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Blue Gibbon (Review)

Thirty years in, Paddock Hills restaurant remains a solid choice for Chinese food

By Bill Hatfield · November 2nd, 2011 · Diner
diner_bluegibbon_lauren_purkey-1Photo by Lauren Purkey
I have an absolute passion for Chinese food. I have worked at or been involved with several Chinese restaurants for many years, so I have an educated palate for Chinese cuisine. Blue Gibbon Chinese Restaurant has been operated by the same family for over 30 years, so they obviously understand how to keep their customers coming back. They have a large, faithful following and a strong reputation. Since I hadn’t eaten at Blue Gibbon for a very long time, I decided that it was time to check in and see how they are doing.

Blue Gibbon is located in a nondescript building in an industrial area on Tennessee Avenue in Paddock Hills. The huge dining room is a shocking contrast to the bland exterior. There are massive Chinese urns, some interesting artwork and a lot of hanging carved gibbons, although surprisingly none of them are painted blue. The floors are stark white and the lighting is atrociously harsh and bright, but this pseudo fast-food feel belies the quality of the food. 

The menu is standard Chinese-American. Every dish that you can possibly think of is on this 134-item menu. (Yes, I actually took the time to count the number of dishes!) Service is not necessarily friendly but is definitely efficient. Perhaps because I felt slightly rushed by the server as I examined the menu, I feel that my food choices were rather mundane. After that build up, I bet you think that now I’m going to slam the food. Wrong! Everything was pretty damn solid.

I started with Hot & Sour Soup ($1.50). Blue Gibbon has a good version of this classic. It was tangy with a nice mix of pork, tofu, mushrooms and bamboo. It just wasn’t hot enough, either in temperature or spice.

Just a little bit of chili oil would have made it a very good version.

For our appetizer, and in order to try as many things as possible, we got the usually maligned Po Po Platter ($9.25). We received two pieces each of Spring Rolls, Fried Shrimp, Crab Rangoon, BBQ Beef Satay and pan-fried Potstickers. The Crab Rangoon (four for $3.75 if ordered individually) were very good. The flavor of the crab was not overpowered by the cream cheese and they were perfectly fried.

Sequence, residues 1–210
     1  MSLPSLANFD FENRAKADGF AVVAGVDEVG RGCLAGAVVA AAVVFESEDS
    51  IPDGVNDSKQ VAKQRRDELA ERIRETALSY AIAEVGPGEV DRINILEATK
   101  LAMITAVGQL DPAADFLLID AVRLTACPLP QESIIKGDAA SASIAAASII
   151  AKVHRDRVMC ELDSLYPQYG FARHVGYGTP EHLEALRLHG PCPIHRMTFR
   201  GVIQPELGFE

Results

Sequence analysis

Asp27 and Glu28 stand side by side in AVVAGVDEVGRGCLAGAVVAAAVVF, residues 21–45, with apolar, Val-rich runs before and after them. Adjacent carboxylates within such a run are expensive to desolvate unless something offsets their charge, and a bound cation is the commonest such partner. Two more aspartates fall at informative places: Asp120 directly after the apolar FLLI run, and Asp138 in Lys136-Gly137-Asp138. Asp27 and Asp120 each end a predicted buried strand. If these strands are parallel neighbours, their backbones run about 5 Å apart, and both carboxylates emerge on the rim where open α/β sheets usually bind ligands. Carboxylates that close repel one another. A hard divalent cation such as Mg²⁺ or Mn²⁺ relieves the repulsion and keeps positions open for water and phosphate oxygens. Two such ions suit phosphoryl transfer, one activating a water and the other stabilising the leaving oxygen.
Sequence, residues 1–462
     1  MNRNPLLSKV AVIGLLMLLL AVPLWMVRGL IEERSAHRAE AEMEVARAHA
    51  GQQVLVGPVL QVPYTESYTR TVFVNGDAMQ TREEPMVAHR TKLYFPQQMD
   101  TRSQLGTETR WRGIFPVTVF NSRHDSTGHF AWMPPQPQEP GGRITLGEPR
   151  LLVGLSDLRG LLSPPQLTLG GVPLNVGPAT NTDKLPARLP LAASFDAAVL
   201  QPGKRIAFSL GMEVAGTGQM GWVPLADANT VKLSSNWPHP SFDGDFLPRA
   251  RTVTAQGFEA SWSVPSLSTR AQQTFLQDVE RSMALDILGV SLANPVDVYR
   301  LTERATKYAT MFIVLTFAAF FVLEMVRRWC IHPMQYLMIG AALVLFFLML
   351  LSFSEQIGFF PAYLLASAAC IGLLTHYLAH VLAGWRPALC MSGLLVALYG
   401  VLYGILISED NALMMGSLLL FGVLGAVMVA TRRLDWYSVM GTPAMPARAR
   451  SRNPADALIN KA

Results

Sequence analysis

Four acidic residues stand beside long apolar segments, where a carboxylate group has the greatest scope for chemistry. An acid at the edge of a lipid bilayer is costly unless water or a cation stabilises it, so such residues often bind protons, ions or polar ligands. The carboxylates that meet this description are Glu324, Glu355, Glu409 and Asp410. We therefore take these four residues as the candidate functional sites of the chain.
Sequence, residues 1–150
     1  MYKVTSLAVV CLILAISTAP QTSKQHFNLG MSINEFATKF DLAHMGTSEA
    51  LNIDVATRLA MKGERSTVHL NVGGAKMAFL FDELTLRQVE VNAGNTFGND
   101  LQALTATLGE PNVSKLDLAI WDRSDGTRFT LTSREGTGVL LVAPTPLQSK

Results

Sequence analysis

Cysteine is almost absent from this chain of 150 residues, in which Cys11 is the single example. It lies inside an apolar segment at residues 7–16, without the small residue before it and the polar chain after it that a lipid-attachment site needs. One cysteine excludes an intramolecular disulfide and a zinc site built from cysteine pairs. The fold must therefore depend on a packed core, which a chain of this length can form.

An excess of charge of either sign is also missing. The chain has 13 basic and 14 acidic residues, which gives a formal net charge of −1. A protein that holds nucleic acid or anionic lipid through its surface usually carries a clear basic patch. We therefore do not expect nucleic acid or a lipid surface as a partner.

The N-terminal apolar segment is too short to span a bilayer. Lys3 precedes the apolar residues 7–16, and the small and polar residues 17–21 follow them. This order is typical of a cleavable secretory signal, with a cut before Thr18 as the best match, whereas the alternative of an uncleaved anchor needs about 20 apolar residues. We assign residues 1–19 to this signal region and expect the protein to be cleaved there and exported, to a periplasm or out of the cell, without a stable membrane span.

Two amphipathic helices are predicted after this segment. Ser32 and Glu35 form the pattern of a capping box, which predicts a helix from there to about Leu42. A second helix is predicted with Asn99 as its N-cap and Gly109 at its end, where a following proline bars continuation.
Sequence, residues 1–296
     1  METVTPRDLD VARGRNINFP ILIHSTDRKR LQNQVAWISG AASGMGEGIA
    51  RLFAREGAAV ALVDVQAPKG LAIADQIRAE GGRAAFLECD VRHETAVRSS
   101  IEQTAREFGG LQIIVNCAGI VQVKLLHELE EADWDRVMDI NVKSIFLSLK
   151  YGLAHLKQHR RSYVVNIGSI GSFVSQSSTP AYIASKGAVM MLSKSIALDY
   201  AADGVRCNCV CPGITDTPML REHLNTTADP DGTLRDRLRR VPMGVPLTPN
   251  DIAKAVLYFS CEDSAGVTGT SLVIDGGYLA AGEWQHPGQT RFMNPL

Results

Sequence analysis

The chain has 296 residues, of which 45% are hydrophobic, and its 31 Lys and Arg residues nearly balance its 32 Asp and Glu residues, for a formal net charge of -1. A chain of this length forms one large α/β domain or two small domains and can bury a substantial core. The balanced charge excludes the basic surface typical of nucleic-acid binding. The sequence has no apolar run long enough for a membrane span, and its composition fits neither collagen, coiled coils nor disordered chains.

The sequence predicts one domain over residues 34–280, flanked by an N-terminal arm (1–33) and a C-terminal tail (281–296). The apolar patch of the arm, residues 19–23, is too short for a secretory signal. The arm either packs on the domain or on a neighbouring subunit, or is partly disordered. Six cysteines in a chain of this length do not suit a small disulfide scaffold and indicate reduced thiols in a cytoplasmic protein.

The Potstickers (4 for $3.75) had a rich, flavorful filling but the steamed wonton wrapper was too thick and gummy. The shrimp Spring Rolls ($1.35 each) were huge and had a very good taste, but again the wrapper was too thick and more reminiscent of an egg roll than what should have been a light, crispy spring roll. The Fried Shrimp ($6.95) were tempura battered and large, but not memorable. 

The star of the platter was the BBQ Beef (four for $4.25). The remarkably tender, well-seasoned beef was glazed with a sweet barbecue sauce that left me craving more. As an added bonus, in the center of the plate was a good-sized portion of fresh pineapple. 

My entrée selection, the Triple Crown ($12.95), was a very generous portion of chicken, shrimp and scallops with crisp, fresh vegetables in a light Cantonese white wine sauce. The moist chicken was particularly good, the shrimp were larger than expected and the scallops were cooked well but would have benefited with just a quick sear. There were plenty of vegetables, and the sauce, which was slightly thin, nicely complemented the dish. I opted for steamed white rice, but fried rice can be substituted with all entrées for an additional $1.25. This dish could easily serve two people, as I had enough left over for a good lunch the next day.

My guest made an excellent choice with Brady’s Spicy Fish ($13.95). I have no clue who Brady is, but the crispy filet of sole was delicious. I only got a couple of bites, but I would definitely order this on a return visit. The sole was crunchy on the outside and delicate and flaky on the inside. The menu stated that it was cooked in a spicy Kung Pao sauce, but I could not discern any peanut in the sauce, and to me it tasted more like orange sauce, yet it was nonetheless well reduced and excellent. A similar vegetable medley accompanied this entrée, and again the portion was quite large so as to allow for leftovers. 

Overall, the food at Blue Gibbon is definitely a cut above the ordinary. Although there’s nothing to “wow” you, the ingredients are fresh, the portions are big and the prices are right. Oh, and the drinks pack a punch. Blue Gibbon does offer a full bar and has many of the typical “exotic” drinks that you would expect. Whether you dine in or carry out, Blue Gibbon is a good, reliable choice. ©

Go: 1231 Tennessee Ave., Paddock Hills
Call:
513-641-4100
Surf:
www.bluegibbon.net
Hours:
11 a.m. -10 p.m. Monday-Thursday; 11 a.m.-11 p.m. Friday; noon- 11 p.m. Saturday; and noon-10 p.m. Sunday
Entrée Prices:
$7.50-$14.95
Red Meat Alternatives:
Many, including several vegan dishes
Accessibility:
Full

 
 
 
 

 

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